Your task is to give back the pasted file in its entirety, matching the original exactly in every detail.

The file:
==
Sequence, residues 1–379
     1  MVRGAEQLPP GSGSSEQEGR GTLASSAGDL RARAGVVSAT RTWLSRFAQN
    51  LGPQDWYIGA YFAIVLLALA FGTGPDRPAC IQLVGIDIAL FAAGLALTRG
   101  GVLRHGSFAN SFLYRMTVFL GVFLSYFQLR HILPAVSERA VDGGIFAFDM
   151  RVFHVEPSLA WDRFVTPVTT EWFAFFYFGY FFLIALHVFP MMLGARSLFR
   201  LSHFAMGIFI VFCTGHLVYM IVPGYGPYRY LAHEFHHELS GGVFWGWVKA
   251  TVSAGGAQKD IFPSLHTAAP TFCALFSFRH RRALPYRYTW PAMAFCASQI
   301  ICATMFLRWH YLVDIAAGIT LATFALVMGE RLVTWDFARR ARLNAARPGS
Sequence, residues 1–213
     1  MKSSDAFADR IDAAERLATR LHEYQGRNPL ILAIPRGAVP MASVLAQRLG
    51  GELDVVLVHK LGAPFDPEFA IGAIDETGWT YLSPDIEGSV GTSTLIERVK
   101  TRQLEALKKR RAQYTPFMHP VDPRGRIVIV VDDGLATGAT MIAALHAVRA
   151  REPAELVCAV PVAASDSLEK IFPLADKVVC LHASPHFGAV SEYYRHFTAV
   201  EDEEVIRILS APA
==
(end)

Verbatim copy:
Sequence, residues 1–379
     1  MVRGAEQLPP GSGSSEQEGR GTLASSAGDL RARAGVVSAT RTWLSRFAQN
    51  LGPQDWYIGA YFAIVLLALA FGTGPDRPAC IQLVGIDIAL FAAGLALTRG
   101  GVLRHGSFAN SFLYRMTVFL GVFLSYFQLR HILPAVSERA VDGGIFAFDM
   151  RVFHVEPSLA WDRFVTPVTT EWFAFFYFGY FFLIALHVFP MMLGARSLFR
   201  LSHFAMGIFI VFCTGHLVYM IVPGYGPYRY LAHEFHHELS GGVFWGWVKA
   251  TVSAGGAQKD IFPSLHTAAP TFCALFSFRH RRALPYRYTW PAMAFCASQI
   301  ICATMFLRWH YLVDIAAGIT LATFALVMGE RLVTWDFARR ARLNAARPGS
Sequence, residues 1–213
     1  MKSSDAFADR IDAAERLATR LHEYQGRNPL ILAIPRGAVP MASVLAQRLG
    51  GELDVVLVHK LGAPFDPEFA IGAIDETGWT YLSPDIEGSV GTSTLIERVK
   101  TRQLEALKKR RAQYTPFMHP VDPRGRIVIV VDDGLATGAT MIAALHAVRA
   151  REPAELVCAV PVAASDSLEK IFPLADKVVC LHASPHFGAV SEYYRHFTAV
   201  EDEEVIRILS APA